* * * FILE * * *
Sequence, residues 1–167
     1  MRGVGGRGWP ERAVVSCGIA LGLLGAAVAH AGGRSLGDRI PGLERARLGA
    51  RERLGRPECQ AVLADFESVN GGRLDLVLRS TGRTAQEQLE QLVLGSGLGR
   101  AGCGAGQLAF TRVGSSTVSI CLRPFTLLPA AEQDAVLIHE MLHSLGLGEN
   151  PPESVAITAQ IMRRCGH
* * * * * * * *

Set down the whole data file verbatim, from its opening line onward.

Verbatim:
Sequence, residues 1–167
     1  MRGVGGRGWP ERAVVSCGIA LGLLGAAVAH AGGRSLGDRI PGLERARLGA
    51  RERLGRPECQ AVLADFESVN GGRLDLVLRS TGRTAQEQLE QLVLGSGLGR
   101  AGCGAGQLAF TRVGSSTVSI CLRPFTLLPA AEQDAVLIHE MLHSLGLGEN
   151  PPESVAITAQ IMRRCGH